Tuesday, November 9, 2010

Lights out

I woke up early on Sunday morning. Partly this was due to the time change with daylight saving ending, but it was also due to an insistent “chirp” from the hallway – the warning sound from a smoke detector battery that needs to be replaced.

I grumbled a little bit to myself, but then remembered that at least it was Sunday rather than a weekday and my husband Rick would probably have time to change the battery before too far into the day. I know this is something I should be comfortable doing, but our ceilings are so high and our ladders so heavy; I’m much happier to leave it to him.

But when I opened my eyes to see what time it was, I saw that the digital clockface was black. The smoke detector was chirping not due to battery malfunction but because the electricity was out.

When I was a kid, I loved blackouts. I thought they were exciting beyond description, especially when they accompanied a big snowstorm. I was eleven during the Blizzard of ’78, when we had five days of snow and the same amount of time without power. It’s hard for me to fathom now, but I loved every minute of those five electricity-free days. I loved the coziness of sitting by the fire and the novelty of playing board games with my sisters all day instead of being in school. I thought it was fantastic that we drove to my grandparents’ house, 45 minutes away, to take showers.

This is yet another example of how impervious kids are to adults’ feelings. My parents must have been miserable, being without power for five days, and yet I couldn’t have been happier.

Now I’m on the other side of the equation. I’m one of the adults who gets anxious and grumpy when the power goes out. Since we have a well rather than public sewer, no electricity means no running water, and anything romantic about it is quickly dissipated in the reality of no hot showers and no flush toilets.

And yet on Sunday morning I felt differently. I couldn’t use my computer because it has no battery, so I didn’t even have to struggle to resist the temptation to check email. Sunday is the one day of the week that I never exercise in the morning – it gets too rushed to try to fit in a workout before church, so I always wait ‘til afternoon – so I wasn’t too concerned about the lack of shower.

“The kids are going to be cross about the breakfast options,” I acknowledged to myself. They eat cereal during the week; hot cooked food like bacon and French toast are typically a weekend treat.

But I could already feel a sneaky grin spread across my face: Sorry, kids, no bacon, no French toast. You know I’d cook you a big complicated breakfast if only I could, but gosh, no electricity today! How about some cereal? The milk is still cold.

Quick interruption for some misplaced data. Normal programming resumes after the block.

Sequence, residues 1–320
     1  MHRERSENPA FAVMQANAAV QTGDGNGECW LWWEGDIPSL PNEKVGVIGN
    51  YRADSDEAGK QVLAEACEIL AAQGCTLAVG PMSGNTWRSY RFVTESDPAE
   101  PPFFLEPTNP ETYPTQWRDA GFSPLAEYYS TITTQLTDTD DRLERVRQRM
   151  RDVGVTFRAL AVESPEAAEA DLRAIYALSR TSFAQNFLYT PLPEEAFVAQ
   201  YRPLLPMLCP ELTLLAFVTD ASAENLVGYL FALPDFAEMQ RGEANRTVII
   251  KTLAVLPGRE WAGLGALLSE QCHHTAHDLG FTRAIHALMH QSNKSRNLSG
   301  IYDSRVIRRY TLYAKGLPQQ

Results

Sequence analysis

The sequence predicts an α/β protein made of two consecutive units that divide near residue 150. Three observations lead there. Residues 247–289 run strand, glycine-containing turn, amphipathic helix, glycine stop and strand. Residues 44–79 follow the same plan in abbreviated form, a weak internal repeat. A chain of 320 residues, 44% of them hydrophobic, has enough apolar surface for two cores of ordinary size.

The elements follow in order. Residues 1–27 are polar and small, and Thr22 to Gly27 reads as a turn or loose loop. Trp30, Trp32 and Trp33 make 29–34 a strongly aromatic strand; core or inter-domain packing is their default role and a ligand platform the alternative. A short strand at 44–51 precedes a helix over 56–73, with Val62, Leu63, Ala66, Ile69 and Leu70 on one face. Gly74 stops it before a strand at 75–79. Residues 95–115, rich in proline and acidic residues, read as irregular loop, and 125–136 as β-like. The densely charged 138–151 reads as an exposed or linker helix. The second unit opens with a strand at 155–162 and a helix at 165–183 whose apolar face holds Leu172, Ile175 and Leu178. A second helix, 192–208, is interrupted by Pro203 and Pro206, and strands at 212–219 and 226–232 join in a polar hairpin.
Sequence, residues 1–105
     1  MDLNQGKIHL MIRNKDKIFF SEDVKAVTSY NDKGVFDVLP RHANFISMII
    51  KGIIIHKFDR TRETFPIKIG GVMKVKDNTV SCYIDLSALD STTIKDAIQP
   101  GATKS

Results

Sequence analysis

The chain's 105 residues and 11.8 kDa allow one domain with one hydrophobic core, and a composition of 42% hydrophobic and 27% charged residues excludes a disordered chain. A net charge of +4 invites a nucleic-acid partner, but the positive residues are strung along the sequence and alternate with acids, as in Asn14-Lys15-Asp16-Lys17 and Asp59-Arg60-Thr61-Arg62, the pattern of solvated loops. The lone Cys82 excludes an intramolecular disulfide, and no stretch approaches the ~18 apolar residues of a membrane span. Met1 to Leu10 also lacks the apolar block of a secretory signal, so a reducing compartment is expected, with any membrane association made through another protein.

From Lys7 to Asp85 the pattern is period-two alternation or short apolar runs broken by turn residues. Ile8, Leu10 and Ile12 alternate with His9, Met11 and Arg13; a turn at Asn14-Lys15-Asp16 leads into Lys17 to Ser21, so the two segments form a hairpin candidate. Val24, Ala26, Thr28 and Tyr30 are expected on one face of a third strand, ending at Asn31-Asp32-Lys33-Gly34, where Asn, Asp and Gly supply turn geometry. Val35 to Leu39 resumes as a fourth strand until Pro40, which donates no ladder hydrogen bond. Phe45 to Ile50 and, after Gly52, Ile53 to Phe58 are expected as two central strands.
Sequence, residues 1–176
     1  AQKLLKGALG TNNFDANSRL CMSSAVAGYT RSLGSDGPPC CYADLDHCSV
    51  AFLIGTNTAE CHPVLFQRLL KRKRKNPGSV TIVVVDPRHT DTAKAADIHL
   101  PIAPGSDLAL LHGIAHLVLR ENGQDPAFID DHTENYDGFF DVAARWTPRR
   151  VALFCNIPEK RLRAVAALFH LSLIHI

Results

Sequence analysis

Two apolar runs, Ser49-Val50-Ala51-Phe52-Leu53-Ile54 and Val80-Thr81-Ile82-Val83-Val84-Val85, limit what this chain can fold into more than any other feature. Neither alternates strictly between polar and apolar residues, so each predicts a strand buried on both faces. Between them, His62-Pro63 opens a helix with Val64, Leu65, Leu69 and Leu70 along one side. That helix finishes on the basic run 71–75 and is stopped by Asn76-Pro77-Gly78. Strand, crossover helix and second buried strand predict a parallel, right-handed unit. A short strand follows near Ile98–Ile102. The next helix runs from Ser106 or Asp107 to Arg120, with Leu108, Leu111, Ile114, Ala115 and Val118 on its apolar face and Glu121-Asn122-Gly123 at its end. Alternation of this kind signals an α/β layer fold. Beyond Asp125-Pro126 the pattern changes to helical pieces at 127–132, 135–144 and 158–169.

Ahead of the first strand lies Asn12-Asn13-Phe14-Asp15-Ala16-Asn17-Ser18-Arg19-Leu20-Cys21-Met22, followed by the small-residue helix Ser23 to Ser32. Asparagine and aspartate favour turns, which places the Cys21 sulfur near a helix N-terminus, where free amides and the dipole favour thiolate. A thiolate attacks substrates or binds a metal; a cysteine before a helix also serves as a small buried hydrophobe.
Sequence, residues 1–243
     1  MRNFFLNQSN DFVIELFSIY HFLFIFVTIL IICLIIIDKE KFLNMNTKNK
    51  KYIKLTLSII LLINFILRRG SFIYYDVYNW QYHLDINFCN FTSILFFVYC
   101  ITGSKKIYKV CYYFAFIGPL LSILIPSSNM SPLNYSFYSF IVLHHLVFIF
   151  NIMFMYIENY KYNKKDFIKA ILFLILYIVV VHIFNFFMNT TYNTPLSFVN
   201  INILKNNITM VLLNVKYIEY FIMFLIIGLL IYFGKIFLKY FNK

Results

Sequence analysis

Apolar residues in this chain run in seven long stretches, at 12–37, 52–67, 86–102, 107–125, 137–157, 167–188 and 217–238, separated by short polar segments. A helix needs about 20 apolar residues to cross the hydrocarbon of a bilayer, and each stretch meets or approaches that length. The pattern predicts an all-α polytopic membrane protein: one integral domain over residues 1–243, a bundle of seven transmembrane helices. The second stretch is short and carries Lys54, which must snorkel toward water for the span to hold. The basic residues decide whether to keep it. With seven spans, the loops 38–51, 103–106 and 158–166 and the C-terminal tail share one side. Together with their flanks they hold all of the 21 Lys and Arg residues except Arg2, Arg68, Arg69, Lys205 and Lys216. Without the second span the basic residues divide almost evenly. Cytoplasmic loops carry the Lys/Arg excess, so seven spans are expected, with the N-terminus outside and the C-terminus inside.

As anticipated, the kids were irritated indeed when they awoke. Days full of board games and reading are great, in their estimation, but by choice, not by imperative. All they could think about as they faced this long, quiet Sunday was the absence of any possibility of computer fun, video games, televised football, and of course bacon and French toast. Tim dispiritedly went out to pee off the edge of the kitchen porch. I mentally apologized to the neighbors.

After they’d had some cereal, I convinced them to come out to the barnyard with me to feed the animals. As we were putting our boots on, the hum of appliances and the warm yellow bath of synthetic lighting filled the house once again, and the smoke detector was silent.

I’d like to think the kids’ exuberance as we headed out to feed the cows was the result of fresh air and exercise. They chased each other, played with the dog, raced up the ladder to the hayloft, flung bales of hay down to the animals, chased each other some more on the walk back home, the very embodiment of youthful vitality. But, of course, I know better. What was fueling their delight wasn’t fresh air; it was the realization that awaiting them at home was a working furnace and a hot shower. Breakfast was long over, but they managed to get me to promise I’d make bacon for lunch.

I couldn’t blame them much, though. I never fail to marvel at the sense of exhilaration I get whenever a power outage ends. Even after just two hours without electricity, it seems like the greatest luxury imaginable to be able to use the oven, the computer, the bathroom.

The rest of the day seemed to go better due to this inauspicious start. Everything seems easy once the electricity goes back on. And, rather surprisingly, the kids are continuing this week to help me in the barnyard every morning. Apparently it doesn’t matter so much why they had so much fun; they just remember the fun itself, with tag and haybale-tossing.

And that, to me, is a fair tradeoff for their expectation that Sunday mornings should rightfully begin with Mom making bacon.

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